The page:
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Transcript
Samples and Inferential Statistics
PSY 211
2-26-09
A. Overview
 Previously, we described people using Z scores
and made various predictions about individuals
using probability
o E.g. About 20% of people smoke 1 or more
cigarettes per day.
o Often used in making medical or
psychological diagnoses too, e.g. 13% are
depressed more days than not.
 Problem: So far we have only considered
individuals (samples of 1, or n = 1). Usually in
psychology or other sciences, we study group
differences
o Instead of knowing whether an individual is
smoking a lot or is often depressed, we
might want to know whether a group
smokes a lot or is frequently depressed.
o Instead of asking whether Jack has an
extreme anxiety score, you might wonder
whether psychology majors are extreme on
anxiety.
 Solution: Use a more advanced Z score formula
that works for group (sample) means
o Before learning about this new type of Z
score, it is helpful to have some
background information on samples and
sample means
B. Sampling Error (Revisited)
 Usually results are more reliable as sample size
increases
o If you want to know if lawyers have above
average oral language skills, would you
conduct a study involving 1 lawyer or 20?
 Even the biggest or best samples usually have
some error associated with them. Your sample
of lawyers does not perfectly represent the
population of lawyers as a whole.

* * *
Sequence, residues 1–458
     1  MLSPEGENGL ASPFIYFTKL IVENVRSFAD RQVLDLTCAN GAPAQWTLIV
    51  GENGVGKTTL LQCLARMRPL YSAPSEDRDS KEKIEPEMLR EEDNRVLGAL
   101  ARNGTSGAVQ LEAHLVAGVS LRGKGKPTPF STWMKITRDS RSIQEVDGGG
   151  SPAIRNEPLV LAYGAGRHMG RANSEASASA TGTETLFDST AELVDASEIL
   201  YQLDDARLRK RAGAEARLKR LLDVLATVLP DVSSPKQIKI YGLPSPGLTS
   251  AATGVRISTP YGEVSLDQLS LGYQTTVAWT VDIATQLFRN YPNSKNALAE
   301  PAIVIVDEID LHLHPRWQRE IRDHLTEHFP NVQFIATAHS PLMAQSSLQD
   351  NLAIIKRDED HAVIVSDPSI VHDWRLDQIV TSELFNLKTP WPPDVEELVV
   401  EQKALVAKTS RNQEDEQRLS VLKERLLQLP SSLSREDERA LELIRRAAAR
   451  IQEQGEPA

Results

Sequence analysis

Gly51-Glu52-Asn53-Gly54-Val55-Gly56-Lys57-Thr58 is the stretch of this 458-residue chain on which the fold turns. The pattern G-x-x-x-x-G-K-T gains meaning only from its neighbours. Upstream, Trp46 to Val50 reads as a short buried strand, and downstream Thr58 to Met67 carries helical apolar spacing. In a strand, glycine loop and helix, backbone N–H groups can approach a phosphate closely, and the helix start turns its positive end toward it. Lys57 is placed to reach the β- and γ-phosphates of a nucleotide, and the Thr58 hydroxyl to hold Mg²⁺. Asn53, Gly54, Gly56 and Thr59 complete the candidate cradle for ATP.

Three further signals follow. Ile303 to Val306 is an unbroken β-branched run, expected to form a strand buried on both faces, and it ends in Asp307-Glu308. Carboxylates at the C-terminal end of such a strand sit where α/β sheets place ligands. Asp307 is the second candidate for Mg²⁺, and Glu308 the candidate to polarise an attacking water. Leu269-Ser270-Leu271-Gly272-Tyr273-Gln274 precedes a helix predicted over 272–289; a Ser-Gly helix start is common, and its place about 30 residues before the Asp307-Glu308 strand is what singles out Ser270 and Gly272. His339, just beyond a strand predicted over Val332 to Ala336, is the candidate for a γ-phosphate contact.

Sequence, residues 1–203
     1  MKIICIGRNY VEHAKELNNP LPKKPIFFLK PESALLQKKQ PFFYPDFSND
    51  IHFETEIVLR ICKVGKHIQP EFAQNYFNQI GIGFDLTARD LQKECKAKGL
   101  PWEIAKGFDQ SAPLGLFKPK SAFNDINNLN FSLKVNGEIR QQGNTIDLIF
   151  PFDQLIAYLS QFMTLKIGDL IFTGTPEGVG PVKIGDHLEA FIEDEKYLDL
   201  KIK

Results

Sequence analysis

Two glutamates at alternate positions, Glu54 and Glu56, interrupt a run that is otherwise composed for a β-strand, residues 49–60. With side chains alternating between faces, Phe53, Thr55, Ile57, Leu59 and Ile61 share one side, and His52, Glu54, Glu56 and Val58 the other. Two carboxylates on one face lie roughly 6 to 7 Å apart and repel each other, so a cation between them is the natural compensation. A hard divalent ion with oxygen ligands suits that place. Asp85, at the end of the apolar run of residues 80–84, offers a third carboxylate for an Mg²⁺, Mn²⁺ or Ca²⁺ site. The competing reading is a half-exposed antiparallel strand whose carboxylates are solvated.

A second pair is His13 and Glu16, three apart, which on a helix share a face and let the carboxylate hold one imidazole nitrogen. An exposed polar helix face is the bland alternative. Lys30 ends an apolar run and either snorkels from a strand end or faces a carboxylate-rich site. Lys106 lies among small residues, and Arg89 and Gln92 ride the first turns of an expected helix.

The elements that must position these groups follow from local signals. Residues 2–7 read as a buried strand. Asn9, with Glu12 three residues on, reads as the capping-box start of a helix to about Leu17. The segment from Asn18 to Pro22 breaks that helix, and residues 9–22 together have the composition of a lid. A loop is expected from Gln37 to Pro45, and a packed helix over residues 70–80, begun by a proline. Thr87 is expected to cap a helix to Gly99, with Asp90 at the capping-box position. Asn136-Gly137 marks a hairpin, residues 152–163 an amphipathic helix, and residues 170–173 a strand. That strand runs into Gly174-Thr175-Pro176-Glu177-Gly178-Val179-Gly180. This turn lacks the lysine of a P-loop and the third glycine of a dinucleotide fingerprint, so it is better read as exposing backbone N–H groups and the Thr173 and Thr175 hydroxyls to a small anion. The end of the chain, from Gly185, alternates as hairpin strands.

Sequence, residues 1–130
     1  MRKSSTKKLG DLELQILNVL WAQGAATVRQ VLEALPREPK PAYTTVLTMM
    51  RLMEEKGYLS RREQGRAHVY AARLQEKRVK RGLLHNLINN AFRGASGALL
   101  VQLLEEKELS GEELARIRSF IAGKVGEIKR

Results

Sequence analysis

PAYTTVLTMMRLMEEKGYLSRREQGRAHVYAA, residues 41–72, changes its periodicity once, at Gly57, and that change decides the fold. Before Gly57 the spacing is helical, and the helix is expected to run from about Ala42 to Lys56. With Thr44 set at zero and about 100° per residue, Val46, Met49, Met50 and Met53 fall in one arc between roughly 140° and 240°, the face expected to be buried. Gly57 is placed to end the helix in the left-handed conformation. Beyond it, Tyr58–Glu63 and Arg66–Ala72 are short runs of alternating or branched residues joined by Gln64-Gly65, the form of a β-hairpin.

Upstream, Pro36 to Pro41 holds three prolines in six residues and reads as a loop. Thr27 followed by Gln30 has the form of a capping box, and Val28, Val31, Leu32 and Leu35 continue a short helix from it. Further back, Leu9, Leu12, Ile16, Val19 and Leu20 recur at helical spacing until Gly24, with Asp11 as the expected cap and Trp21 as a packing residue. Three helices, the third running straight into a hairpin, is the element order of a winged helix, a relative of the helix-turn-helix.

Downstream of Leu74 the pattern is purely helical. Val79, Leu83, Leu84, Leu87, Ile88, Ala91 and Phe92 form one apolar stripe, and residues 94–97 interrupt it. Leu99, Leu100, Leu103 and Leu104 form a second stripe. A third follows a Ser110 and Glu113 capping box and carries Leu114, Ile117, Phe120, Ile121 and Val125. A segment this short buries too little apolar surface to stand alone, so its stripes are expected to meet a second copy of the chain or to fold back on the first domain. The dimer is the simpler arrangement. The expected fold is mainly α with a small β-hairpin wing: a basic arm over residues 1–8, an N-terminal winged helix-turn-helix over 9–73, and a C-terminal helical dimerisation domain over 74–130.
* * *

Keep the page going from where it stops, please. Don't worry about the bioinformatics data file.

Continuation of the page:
 Any particular sample will yield a similar (but
slightly different) result
 Sampling Error: Amount of error between a
sample statistic and the corresponding
population parameter. “Chance” variation
between samples and populations.
o E.g. The population has an average IQ of
100, but in a random sample of people,
you find that the mean IQ is only 99.7.
 We use probability to determine whether a
sample has a mean that differs from the
population more than what we would expect,
based on chance (sampling error)
 Use probability to determine whether a group
differs from the population due to chance or due
to some real difference
 Imagine that nationally, the average college
student drinks 4.1 alcoholic beverages per
week. In a study of your own (n = 30), you find
that the average is 4.3. In a different sample,
you find that the average is 3.8. In another
sample you find that the average is 4.7.
 Because most samples are a bit different, it is
likely that each will yield slightly different
statistics
 Thus, psychologists tend to ignore small,
unreliable differences
C. Distribution of Sampling Means
 I described choosing three different samples
 Now, imagine pulling all possible samples from
a population of interest. If we could compare
our sample to all possible samples, we could
see if our sample had an extreme score.
 This huge set of all possible samples forms an
orderly pattern which makes it possible to
predict the characteristics of a sample with some
accuracy. This is called:
 The Distribution of Sample Means: the collection
of sample means for all the possible random
samples of a particular size (n) that can be
obtained from a population
 An example should help:
Class Example Involving Height
Nationally, the average American adult is about 5’8”.
Let’s say we repeatedly took a bunch of samples of 10
people and recorded their average height. Graphing
them would look something like this:
As we took more and more samples, eventually we’d
have a normal distribution, with most samples having an
average height near 5’8” but some samples would be
tall, others short. This would be our distribution of
sampling means, and we could use the distribution to
determine if any particular sample was extreme.
 Note: This distribution is different from those we’ve
previously considered. Instead of plotting individual
scores, we are plotting sample means.
 The distribution of sample means tells us how
much chance variability to expect from sampleto-sample.
 It would be impractical to study all possible
samples, so usually we rely on statistics to